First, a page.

A leaked report allegedly produced by the Tunisian Commission for Financial Analysis (CTAF) reveals an investigation into a prominent leader of Islamic Relief - the international Islamist charitable network founded in the U.K. and named by the United Arab Emirates as a terrorist organization - over concerns that monies given to Islamic Relief's Tunisian branch by the British parent branch, Islamic Relief Worldwide, were used to fund jihadists at the Tunisian-Libyan border.
According to the report, CTAF (which is tasked with tackling money laundering and terror finance) found that Islamic Relief Tunisia's chief bank account was found to have received a total of almost $2.5 million from Islamic Relief Worldwide as well as a prominent New York financial services firm, INTL FCStone.
From this income, the report claims that over $50,000 was spent just a few miles from the Libyan border – a jihadist hot-spot – on car rentals and purchases, hotels, fuel, and cell phones. CTAF has reportedly concluded that these expenditures provided "logistical support" for jihadists preparing to enter Libya.
CTAF also reportedly studied the bank accounts of the former Director of Islamic Relief Tunisia, Abdelmonem Daymi, his wife Hager Abdelouahed, and his brother Mounir Daymi. Investigators found that one of Abdelmonem Daymi and his wife's joint accounts had received repeated large transfers totaling $150,000, in many different currencies, from sources in the U.K, U.S, and Qatar.
Daymi is a long-standing employee of Islamic Relief. At various points, he has held senior positions in Islamic Relief Worldwide (the UK parent branch), Islamic Relief Canada and Islamic Relief Tunisia. Today, Daymi directs Islamic Relief's operations in Lebanon. Despite having left Islamic Relief Tunisia in 2015, CTAF investigators reportedly concluded that Daymi retained control over Islamic Relief Tunisia's bank accounts.
Daymi is also the founder and former director of the Tunisia Charity, which serves as an arm of the Qatar Charity, which itself is funded and controlled by the Qatari regime. According to Tunisian media, Tunisia Charity was one of three organizations in Tunisia given access to $7.5 million of funding by the Qatari regime. In 2017, Tunisian lawmakers accused the Tunisia Charity of funding terrorism and called for an investigation.
Although Daymi resigned as director of Tunisia Charity in 2014, his wife, Hager Abdelouahed, remains an employee of the Qatari-controlled charity. Abdelmonem's brother Mounir Daymi, meanwhile, is a director of Al Jazeera, Qatar's enormous regime-controlled international media network.
Abdelmonem Daymi's other brother, meanwhile, is Imed Daymi, one of the country's most prominent politicians. He recently served in a coalition government with the Islamist Ennahda Party – a branch of the Muslim Brotherhood. Although he leads a separate political party (Congress for the Republic), Daymi is described in Arabic media as an "ally of Ennahda." In 2013, Daymi flew to Qatar with Rachid Ghannouchi, co-founder of Ennahda and one of the world's leading Islamist thinkers, to meet with the Qatari Emir.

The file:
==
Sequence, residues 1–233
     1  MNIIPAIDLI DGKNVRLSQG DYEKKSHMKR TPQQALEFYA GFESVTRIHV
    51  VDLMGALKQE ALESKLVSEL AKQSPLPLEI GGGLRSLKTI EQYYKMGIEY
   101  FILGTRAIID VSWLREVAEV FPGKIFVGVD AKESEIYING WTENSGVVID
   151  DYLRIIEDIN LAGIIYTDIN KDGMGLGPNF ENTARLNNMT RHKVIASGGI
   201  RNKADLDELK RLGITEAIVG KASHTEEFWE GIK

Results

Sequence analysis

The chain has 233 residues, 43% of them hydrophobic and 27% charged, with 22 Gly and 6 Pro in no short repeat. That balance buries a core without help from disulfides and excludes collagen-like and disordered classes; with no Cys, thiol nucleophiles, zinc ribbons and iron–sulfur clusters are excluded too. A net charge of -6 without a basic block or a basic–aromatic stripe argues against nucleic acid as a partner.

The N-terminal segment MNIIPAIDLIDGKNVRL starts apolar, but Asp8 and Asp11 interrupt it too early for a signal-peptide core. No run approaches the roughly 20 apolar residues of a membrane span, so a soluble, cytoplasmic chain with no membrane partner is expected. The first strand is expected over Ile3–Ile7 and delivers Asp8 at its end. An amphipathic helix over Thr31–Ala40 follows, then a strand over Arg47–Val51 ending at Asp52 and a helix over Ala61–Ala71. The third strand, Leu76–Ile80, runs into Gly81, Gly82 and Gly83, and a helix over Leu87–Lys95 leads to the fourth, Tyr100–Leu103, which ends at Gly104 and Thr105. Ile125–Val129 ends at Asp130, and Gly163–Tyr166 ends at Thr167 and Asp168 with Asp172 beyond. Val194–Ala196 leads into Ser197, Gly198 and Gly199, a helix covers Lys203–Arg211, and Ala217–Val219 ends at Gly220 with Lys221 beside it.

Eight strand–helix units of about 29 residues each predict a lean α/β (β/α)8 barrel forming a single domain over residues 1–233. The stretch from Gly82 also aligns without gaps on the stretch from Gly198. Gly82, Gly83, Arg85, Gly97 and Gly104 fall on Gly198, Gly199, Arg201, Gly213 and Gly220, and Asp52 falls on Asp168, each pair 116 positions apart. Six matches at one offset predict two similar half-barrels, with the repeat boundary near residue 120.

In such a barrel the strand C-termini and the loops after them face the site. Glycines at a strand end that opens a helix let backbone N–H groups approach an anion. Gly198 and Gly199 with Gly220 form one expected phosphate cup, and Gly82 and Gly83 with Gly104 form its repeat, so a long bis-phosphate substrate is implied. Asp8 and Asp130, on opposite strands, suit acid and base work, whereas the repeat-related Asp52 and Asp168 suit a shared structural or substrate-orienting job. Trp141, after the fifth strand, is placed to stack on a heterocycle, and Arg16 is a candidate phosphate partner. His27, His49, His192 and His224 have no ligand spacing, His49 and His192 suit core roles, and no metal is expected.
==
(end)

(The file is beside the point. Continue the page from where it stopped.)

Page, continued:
Following media furor over the allegations against Islamic Relief and the Daymi family, Imed Daymi and other Islamist politicians condemned the allegations as conspiracy theories. CTAF has since denied publishing or leaking any information about the investigation, but it has pointedly refused to deny that the report exists, only stating that it hands its findings "exclusively to the Public Prosecutor's office."
Despite receiving over $80 million from Western taxpayers over the past decade, a growing number of governments and financial institutions have accused the Islamic Relief franchise of involvement with Islamist extremism and terror. In 2014, the United Arab Emirates designated Islamic Relief Worldwide as a terrorist organization; in 2016, the banking giant HSBC shut down Islamic Relief's accounts, following a similar decision made by UBS four years earlier; that same year, German and Swedish governments named Islamic Relief as a proxy for the Muslim Brotherhood; and in 2017, the Bangladeshi government banned Islamic Relief from working with Rohingya refugees over reported radicalization fears.
In 2018, the Middle East Forum published a comprehensive report uncovering new evidence linking Islamic Relief to charitable associations controlled by the Palestinian terrorist movement Hamas, and revealing that Islamic Relief's U.S. branch had been the subject of a secret federal investigation in the United States. Members of Congress have since launched an inquiry into the details of this investigation.
And in Egypt, state prosecutors have argued, in the re-trial of leading figures in the deposed Morsi government, that the short-lived Muslim Brotherhood regime used Islamic Relief to fund Islamist groups in Egypt as well as foreign terrorist organizations, using funds from international Islamic Relief branches and the Qatar Charity. One of Morsi's co-defendants and his former senior advisor, Essam El-Haddad, is the co-founder of Islamic Relief.
Now that Tunisian investigators are homing in on the activities of Muslim Brotherhood-linked, Qatar-backed charitable organizations in North Africa, it looks increasingly likely that supervising Islamic Relief officials in London and D.C. will also have to deal with questions of their own, in the face of growing concern from Western policymakers, law enforcement, and the taxpayers.